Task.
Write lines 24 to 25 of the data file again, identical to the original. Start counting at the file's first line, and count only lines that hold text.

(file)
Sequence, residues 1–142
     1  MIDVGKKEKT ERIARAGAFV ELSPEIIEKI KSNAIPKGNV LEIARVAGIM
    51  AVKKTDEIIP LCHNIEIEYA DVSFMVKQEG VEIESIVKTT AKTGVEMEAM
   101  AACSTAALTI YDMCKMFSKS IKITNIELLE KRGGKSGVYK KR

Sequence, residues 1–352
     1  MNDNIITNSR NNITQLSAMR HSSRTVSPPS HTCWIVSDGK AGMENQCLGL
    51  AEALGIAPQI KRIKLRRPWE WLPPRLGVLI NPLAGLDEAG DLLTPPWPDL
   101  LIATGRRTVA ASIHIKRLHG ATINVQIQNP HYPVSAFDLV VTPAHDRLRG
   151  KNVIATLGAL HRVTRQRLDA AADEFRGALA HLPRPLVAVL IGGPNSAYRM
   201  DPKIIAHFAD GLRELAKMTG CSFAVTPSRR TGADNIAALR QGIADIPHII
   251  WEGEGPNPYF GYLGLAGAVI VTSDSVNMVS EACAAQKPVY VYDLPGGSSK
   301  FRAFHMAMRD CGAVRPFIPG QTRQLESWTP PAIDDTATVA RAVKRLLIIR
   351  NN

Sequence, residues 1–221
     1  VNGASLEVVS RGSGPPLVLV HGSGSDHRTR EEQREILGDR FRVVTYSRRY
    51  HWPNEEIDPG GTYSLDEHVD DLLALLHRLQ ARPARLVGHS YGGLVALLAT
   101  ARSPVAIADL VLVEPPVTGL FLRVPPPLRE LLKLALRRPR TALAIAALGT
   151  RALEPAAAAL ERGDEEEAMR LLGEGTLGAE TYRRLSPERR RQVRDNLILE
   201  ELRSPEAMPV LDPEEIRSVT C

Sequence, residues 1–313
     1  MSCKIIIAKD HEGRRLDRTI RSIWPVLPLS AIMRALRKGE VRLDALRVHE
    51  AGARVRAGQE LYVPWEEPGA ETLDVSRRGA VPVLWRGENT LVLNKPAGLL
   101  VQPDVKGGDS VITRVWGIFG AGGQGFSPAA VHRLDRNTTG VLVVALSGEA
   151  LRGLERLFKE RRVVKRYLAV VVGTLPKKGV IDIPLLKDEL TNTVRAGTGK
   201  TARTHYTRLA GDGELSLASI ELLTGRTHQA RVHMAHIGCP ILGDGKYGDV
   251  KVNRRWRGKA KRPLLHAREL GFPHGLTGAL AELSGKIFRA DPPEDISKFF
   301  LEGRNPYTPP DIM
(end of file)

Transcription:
   151  LRGLERLFKE RRVVKRYLAV VVGTLPKKGV IDIPLLKDEL TNTVRAGTGK
   201  TARTHYTRLA GDGELSLASI ELLTGRTHQA RVHMAHIGCP ILGDGKYGDV